RIO DE JANEIRO (Reuters) - Australia’s Marcus Fraser made the most of a golden opportunity taking a three shot first round lead as golf made a subdued return to the Olympics after 112 years on Thursday with the sport’s biggest names and fans staying away.
There were tears and fireworks during some superb golf at the Gil Hanse designed course carved into the Marapendi Nature Reserve.
The only thing missing were spectators with half the 12,000 tickets for the opening round going unsold and only 3,100 passing through the turnstiles.
Adilson da Silva, the only Brazilian in the field, was given the honor of striking the opening tee shot, receiving a smattering of applause from the sparse early morning crowd. He later broke down in tears recalling how growing up he made clubs out of tree branches.
While da Silva provided the emotional moment of the day, Britain’s Justin Rose delivered the fireworks, carding the first ever hole-in-one in Olympic competition when he aced the par-three 191-yard fourth hole.
The man of the moment, however, was Fraser who only found his way onto the Australian team when world number one Jason Day, 2013 Masters champion Adam Scott, Marc Leishman and Matt Jones all declined Olympic selection.
The 38-year-old journeyman took full advantage of his good fortune mixing nine birdies with a single bogey for an Olympic course record eight-under 63.
“Very rarely do you get to represent your country,” said Fraser, who plays primarily on the European Tour. “I feel very fortunate to be in this position.
“Right now I have the Olympic record. That’s pretty cool. This is one of the best rounds I’ve ever played, given the circumstances.”
The expected celebration surrounding golf’s reappearance on the Games program fell flat after the world’s four top-ranked players - Day, Americans Dustin Johnson and Jordan Spieth and Northern Irishman Rory McIlroy - opted out over the mosquito-borne Zika virus.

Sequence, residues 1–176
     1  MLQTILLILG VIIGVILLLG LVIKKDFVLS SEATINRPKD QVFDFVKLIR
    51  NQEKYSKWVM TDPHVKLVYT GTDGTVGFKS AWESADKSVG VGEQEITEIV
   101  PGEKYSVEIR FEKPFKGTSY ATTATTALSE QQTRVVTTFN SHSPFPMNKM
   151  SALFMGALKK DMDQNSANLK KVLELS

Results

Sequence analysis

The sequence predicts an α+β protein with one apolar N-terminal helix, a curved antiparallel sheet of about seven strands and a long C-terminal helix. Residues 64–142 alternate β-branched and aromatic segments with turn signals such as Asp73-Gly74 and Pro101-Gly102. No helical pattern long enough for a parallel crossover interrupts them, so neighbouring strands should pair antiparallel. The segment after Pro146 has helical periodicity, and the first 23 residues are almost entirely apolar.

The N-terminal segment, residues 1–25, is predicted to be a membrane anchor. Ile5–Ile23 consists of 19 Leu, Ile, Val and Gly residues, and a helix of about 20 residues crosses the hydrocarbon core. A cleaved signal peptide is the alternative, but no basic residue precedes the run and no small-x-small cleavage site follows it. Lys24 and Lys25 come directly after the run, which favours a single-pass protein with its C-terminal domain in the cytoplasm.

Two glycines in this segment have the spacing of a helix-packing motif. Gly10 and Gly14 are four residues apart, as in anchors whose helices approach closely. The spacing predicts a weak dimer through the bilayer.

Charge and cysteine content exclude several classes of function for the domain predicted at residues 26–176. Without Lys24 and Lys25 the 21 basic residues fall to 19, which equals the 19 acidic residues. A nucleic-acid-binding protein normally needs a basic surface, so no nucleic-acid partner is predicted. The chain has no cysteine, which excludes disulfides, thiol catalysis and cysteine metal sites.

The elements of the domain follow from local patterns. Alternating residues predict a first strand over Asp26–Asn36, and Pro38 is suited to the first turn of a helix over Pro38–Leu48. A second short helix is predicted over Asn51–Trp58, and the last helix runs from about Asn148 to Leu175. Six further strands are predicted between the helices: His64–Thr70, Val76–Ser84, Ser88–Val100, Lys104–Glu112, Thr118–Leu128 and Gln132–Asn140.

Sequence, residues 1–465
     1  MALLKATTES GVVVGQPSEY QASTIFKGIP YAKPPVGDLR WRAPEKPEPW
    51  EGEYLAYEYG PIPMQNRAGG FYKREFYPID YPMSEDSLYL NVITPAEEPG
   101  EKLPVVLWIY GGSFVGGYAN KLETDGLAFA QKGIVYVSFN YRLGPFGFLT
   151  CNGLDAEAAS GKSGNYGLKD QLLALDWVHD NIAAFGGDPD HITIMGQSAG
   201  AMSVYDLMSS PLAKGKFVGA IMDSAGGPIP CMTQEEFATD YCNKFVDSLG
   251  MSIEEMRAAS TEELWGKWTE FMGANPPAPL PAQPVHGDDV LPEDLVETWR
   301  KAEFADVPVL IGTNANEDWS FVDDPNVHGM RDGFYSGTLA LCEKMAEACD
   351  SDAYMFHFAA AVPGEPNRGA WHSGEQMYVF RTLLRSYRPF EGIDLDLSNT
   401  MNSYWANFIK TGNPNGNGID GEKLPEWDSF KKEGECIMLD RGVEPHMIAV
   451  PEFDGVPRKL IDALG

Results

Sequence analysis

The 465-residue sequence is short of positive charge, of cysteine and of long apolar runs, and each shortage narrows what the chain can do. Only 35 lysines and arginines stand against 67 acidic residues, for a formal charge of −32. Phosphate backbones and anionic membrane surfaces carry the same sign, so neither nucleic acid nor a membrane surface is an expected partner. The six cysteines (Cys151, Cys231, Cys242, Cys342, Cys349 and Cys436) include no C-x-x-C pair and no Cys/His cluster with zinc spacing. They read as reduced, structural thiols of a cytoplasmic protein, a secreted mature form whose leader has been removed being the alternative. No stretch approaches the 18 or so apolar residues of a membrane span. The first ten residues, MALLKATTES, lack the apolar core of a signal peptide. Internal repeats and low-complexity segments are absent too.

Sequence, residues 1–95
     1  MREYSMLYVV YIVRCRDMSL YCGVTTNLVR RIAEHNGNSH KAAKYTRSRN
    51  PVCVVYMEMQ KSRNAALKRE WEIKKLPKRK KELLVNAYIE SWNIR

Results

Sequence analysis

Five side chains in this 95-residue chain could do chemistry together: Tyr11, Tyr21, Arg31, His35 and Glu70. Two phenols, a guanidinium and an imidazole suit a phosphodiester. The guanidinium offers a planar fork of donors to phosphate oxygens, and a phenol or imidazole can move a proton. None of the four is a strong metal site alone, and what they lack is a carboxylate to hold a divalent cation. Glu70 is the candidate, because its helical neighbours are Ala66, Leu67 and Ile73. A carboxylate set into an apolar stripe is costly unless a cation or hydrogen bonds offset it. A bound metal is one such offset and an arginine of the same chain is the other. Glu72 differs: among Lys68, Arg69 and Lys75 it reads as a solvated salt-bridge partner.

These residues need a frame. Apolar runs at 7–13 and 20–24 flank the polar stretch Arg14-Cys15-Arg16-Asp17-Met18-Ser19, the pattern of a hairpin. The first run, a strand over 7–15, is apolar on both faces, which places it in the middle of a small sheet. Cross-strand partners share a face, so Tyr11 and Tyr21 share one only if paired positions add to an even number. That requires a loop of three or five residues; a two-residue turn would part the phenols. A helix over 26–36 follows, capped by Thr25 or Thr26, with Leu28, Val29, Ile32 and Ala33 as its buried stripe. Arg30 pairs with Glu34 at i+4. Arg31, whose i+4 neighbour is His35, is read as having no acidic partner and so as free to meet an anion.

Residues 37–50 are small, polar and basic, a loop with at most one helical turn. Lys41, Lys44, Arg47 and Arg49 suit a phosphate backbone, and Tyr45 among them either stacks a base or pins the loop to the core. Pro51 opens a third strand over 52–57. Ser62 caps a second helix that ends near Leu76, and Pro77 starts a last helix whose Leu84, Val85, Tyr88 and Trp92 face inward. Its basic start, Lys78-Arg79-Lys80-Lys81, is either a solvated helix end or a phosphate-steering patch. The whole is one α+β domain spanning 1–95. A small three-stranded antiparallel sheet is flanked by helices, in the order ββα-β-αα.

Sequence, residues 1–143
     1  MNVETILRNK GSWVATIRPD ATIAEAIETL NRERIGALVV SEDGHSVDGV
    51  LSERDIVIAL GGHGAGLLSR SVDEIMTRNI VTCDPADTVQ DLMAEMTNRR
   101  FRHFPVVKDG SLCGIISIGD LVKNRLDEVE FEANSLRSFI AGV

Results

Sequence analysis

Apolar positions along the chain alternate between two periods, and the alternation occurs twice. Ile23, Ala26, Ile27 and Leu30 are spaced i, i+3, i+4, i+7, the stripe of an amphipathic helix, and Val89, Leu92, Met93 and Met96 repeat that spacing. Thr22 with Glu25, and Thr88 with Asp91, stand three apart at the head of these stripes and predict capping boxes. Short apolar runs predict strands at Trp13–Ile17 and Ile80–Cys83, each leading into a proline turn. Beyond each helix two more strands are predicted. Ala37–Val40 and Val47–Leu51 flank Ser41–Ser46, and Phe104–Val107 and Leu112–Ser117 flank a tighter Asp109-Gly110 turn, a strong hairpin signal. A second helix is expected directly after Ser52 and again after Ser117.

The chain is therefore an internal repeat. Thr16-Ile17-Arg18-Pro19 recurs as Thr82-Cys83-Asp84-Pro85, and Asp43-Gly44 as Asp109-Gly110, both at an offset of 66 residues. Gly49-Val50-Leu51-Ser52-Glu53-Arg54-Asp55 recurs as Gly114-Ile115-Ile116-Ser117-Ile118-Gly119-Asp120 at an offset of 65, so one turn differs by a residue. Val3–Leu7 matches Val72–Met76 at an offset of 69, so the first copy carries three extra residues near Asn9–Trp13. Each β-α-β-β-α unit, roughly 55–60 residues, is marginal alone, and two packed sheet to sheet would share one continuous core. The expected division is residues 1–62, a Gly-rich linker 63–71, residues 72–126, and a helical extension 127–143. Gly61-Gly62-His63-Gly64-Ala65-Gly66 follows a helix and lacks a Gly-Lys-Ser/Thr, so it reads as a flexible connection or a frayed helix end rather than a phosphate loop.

Sitting three back from Fraser in Rio was British Open champion Henrik Stenson of Sweden and Graham DeLaet, who opened defense of the gold medal won by Canadian George Lyon at the 1904 Summer Games, with a five-under 66.
One shot further adrift are Rose, Belgian Thomas Pieters, German Alex Cejka, Frenchman Gregory Bourdy and Spain’s Rafa Cabrera Bello.
“If you look at the leader board loads of people are in contention,” said Rose. “I always like to take the leader out of it in my mind because you never know if they are going to continue and I’m right there with the rest of them.”
The U.S. team had a rough start, with Matt Kuchar leading the way with a two-under 69 and the three other members failing to crack par. Patrick Reed was on 72, twice Masters champion Bubba Watson 73 and Rickie Fowler 75.
Da Silva, who had the small galleries firmly in his corner, overcame a jittery start to card a respectable one-over 72 to stay on the fringe of medal contention.
“We used to cut branches in the shape of a golf club,” said Da Silva, tears dripping off his face. “Just before the tee off my head was everywhere, don’t goof this, don’t make a scene.
“It’s such a big deal you know. All my friends are talking about it saying it’s such a nice thing to do.”
And for all the worries about Zika, there was more talk on Thursday of the threat from capybaras, the world’s largest rodent, and caimans, a kind of alligator, that roam the course.
“Still lower numbers than we are used to but a lot more passionate, energetic crowd,” said Rose. “This is competition at the highest level and what I live for.”
Additional reporting Liana Baker. Editing by Neil Robinson and Andrew Hay